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The Psychological Correction of Error in Second Language Classroom - Essay Example

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This essay describes a brief review of related literature or empirical findings on the psychological effect of positive feedback and negative feedback on errors in L2 classrooms, stressing the important transition from a behaviouristic method to a cognitive perspective of error correction…
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The Psychological Correction of Error in Second Language Classroom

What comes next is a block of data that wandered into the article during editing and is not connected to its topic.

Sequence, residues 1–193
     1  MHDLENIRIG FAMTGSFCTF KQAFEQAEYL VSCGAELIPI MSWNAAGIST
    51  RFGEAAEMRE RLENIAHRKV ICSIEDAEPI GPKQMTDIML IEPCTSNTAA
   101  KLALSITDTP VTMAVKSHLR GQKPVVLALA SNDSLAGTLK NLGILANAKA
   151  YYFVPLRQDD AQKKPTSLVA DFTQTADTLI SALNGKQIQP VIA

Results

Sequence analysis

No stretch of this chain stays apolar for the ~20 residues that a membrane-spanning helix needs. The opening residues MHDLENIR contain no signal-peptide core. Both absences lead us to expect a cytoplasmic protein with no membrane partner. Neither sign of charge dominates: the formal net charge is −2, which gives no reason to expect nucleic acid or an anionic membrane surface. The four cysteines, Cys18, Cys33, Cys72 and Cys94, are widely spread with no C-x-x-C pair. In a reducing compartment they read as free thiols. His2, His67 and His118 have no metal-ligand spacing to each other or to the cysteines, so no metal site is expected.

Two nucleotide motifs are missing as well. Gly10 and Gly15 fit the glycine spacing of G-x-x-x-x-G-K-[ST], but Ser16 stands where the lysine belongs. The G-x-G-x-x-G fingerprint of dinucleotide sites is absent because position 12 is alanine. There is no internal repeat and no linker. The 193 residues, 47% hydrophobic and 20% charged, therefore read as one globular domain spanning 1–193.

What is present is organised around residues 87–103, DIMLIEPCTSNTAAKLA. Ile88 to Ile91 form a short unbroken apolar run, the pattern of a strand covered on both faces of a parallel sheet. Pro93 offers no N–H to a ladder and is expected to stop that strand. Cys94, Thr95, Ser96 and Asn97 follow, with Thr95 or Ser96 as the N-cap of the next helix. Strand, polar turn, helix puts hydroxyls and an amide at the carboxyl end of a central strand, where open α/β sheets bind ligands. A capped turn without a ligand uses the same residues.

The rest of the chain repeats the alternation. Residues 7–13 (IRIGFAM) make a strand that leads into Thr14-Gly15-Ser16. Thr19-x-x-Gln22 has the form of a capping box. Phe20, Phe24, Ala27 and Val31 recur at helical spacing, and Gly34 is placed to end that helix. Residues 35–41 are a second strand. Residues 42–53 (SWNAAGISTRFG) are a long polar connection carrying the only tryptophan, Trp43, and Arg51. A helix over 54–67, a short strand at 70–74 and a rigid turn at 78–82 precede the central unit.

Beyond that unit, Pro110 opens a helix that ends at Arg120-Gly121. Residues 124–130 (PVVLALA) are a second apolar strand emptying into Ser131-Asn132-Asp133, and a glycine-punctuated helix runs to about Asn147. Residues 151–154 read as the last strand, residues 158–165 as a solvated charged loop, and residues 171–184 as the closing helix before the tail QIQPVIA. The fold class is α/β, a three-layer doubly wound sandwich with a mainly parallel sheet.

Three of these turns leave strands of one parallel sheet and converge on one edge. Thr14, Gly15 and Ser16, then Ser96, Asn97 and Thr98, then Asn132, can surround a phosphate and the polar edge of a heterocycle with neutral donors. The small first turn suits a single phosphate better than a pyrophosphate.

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Download file to see previous pages Allowing errors to remain uncorrected is usually understood as being disregarded by the teacher, which hence results in some form of discouragement on the student’s part. Nevertheless, another negative possibility of allowing incorrect ideas or terms remain uncorrected appears to be that “the detective language might serve as an input model and be acquired by other students in the class” since the other students suppose the spoken idea or term was right. Furthermore, advocates of the auto-input theory state that if a student speaks flawed expression which is allowed to stay uncorrected, simultaneously this utterance functions as another input to the student who committed a mistake. The difficulty which is discerned primarily by educators is “that some learners may even modify their existing correct hypotheses to include incorrect forms, in order to conform with their classmates’ uncorrected output”. It is important to mention that each of the identified risks of ignoring or allowing students’ errors to remain uncorrected can also be viewed as aspects that support correction. Until the 1960’s theories of language learning were profoundly shaped by behaviouristic perspectives. During this period second-language acquisition (SLA) research had not attracted significant attention. Errors and routines were major issues of this perspective of language learning. Behaviouristic perspectives gave the explanation of the reason L2 students commit mistakes. Behaviourists view errors as objectionable. ...Download file to see next pagesRead More
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